The brain is a highly complex organ, with a marked heterogeneity of cell type. Thus, biochemical studies of whole tissue reflect the composition and metabolism of a mixture of specific cells, subcellular membranes and organelles. The authors have attempted to overcome these difficulties by isolating purified populations of specific cell types from brain. These purified populations can be maintained in vitro and used for studies of cell-specific metabolic processes. For example, oligodendroglia, the cells which make myelin in the central nervous system, can be isolated and maintained. These maintained cells will synthesize lipids which are enriched in myelin and will produce membranous whorls with many of the characteristics of myelin. An alternative approach is to utilize the knowledge of composition of a specific membrane. In the case of myelin, they are studying the enzymes involved in the synthesis of lipids enriched in myelin and other proteins which are constituents of the myelin membrane. Studies of the lipid-synthesizing enzymes are directed toward determining the cellular events taking place during normal and abnormal development. Those of structural proteins are aimed not only at the process of myelination, but also at the process of myelin maintenance. As myelin breaks down, components are released into cerebrospinal fluid. These components can be detected by sensitive assays. A radioimmunoassay for myelin basic protein has been developed and used to detect myelin breakdown in patients with multiple sclerosis. Studies to date indicate that patients with multiple sclerosis undergoing active attacks release myelin basic protein into their cerebrospinal fluid. In contrast, patients with inactive multiple sclerosis do not have demonstrable quantities of this protein. Thus, knowledge of the specific composition of myelin has led to the development of a biochemical test of the activity of demyelinative disease.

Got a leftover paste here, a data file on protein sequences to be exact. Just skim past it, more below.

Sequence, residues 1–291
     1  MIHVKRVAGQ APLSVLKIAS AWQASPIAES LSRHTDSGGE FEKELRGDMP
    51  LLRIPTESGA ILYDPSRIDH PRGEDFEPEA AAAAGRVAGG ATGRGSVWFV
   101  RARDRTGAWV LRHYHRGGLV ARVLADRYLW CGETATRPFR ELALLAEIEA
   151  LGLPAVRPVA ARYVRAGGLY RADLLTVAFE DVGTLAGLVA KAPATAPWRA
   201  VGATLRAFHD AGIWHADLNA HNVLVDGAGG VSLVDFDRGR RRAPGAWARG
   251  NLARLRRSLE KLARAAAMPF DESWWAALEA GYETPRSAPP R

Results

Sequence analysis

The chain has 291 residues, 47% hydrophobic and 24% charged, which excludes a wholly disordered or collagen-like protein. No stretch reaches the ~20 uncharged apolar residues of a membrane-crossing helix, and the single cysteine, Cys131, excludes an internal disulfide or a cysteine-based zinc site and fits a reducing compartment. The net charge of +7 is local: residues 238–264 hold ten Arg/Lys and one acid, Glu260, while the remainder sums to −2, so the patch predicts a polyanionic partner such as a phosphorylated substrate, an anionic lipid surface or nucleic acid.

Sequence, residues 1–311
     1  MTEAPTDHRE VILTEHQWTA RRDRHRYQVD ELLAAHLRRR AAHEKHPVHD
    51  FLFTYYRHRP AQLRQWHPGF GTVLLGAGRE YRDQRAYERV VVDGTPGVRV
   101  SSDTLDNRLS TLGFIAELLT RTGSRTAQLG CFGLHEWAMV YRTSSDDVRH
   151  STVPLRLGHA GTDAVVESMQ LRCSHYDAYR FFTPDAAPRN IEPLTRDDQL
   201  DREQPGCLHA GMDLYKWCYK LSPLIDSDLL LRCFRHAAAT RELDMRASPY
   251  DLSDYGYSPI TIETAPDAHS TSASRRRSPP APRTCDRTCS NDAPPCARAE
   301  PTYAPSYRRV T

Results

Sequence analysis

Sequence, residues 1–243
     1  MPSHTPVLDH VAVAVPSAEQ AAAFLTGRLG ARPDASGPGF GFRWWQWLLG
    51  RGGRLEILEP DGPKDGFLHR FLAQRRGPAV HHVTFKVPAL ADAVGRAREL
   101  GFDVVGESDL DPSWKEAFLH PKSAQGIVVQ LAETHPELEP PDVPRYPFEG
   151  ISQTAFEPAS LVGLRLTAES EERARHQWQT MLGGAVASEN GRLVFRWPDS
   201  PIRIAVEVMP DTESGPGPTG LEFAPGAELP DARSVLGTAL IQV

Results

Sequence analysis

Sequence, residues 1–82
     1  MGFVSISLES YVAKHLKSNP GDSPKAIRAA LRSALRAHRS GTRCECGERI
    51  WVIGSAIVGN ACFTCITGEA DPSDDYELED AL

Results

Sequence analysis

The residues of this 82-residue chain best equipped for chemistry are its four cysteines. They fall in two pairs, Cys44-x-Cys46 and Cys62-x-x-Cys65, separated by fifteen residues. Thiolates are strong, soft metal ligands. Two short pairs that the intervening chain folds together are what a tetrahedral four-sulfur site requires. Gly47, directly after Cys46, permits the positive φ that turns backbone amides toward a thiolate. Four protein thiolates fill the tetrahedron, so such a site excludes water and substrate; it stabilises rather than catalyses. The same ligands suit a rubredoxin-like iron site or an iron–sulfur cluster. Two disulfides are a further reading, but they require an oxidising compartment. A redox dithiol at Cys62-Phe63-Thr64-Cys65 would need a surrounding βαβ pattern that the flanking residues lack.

|Original language||English (US)|
|Number of pages||10|
|Journal||Johns Hopkins Medical Journal|
|State||Published - Dec 1 1978|
ASJC Scopus subject areas